September 10, 2021
The Healing Totem
- as seen by -Madeleine Thompson
In September 2002, nearly one year after the September 11 attacks, a gift with a profound history arrived at the Wildlife Conservation Society’s Bronx Zoo. The Healing Totem was sent as an act of peace and hope to the people of New York City from the youth participants of the One Voice Arts and Leadership Program of Monterey County, California. Twenty-three feet tall, the Healing Totem was carved from a 1,100-old yellow cedar that had been used in the 1920s to support a naval pier in Port Chicago, California. In 1944, the pier was destroyed in an accidental explosion that killed 320 people, nearly two-thirds of whom were Black cargo handlers who had not received proper training or safety equipment. WWII’s worst homeland disaster, the tragedy highlighted deep inequities in the US military and led to the desegregation of the US Navy.
The cedar survived the blast and eventually made its way to the One Voice Arts and Leadership Program, which brought local youth from disadvantaged communities together with a master carver from New Zealand to craft the Healing Totem for presentation to a community in need of healing. After the September 11, 2001 attacks on the World Trade Center, the Healing Totem’s destination became clear. It was erected in September 2002, with the support of New York City, near the start of the Mitsubishi Riverwalk at the Bronx Zoo. The photo here shows the carvers, program leaders, WCS and NYC officials, police, firefighters, and supporters who gathered for the Healing Totem’s installation.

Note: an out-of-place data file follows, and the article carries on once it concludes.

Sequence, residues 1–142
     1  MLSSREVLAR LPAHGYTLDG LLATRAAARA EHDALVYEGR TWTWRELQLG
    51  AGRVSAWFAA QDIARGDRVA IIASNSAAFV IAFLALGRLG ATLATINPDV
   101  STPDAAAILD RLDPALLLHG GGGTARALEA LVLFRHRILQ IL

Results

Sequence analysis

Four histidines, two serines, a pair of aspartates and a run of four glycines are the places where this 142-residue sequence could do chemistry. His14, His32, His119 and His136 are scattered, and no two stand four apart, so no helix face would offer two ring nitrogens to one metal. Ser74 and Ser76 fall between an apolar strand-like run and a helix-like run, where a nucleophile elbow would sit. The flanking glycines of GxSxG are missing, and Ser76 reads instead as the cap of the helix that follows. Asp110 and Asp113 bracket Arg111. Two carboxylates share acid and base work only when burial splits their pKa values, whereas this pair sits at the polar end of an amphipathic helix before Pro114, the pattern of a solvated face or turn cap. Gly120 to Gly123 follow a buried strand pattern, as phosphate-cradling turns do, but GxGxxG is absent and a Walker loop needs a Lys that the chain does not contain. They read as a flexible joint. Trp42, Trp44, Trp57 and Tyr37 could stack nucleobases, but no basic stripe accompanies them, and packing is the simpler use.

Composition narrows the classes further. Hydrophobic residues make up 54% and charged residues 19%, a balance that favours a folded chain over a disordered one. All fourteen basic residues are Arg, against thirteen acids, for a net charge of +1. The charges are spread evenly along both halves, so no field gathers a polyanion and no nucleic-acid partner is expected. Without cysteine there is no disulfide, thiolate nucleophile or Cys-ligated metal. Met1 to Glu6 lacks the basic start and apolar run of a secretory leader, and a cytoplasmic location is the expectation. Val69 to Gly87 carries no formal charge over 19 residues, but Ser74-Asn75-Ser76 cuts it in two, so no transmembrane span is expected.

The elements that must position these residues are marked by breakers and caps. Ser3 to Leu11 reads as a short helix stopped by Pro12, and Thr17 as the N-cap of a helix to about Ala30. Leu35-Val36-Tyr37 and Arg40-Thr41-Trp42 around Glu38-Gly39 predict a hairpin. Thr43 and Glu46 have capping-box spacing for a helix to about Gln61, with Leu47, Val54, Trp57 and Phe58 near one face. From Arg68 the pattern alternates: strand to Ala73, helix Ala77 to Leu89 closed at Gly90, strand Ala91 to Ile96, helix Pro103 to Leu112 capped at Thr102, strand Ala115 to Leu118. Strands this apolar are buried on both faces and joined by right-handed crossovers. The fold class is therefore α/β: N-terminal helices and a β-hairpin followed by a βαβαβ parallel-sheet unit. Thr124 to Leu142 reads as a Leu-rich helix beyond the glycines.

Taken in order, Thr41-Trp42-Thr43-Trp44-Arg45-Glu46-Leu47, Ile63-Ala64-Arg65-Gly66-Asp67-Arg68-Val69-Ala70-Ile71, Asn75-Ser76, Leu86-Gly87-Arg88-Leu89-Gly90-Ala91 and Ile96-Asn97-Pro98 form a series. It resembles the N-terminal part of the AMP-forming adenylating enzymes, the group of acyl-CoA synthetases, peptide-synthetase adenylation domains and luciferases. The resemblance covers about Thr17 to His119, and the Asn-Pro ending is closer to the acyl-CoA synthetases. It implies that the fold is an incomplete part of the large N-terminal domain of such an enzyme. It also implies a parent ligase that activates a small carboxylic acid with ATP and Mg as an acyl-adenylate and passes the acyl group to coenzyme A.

Featuring a twisting double-helix pattern representing the continuity of nature and the interconnectedness of all living things, the base of the Healing Totem includes carvings of a grizzly bear, a bottlenose dolphin, a jellyfish, and other wildlife from across the world. Also carved within are the outlines of the hands of Monterey County police and firefighters who wanted to show their solidarity with their New York counterparts.
As we recognize the 20th anniversary tomorrow, we remember the nearly 3,000 people who died on September 11, 2001, including WCS retiree Timothy O’Sullivan, and the countless others whose lives were forever changed that day.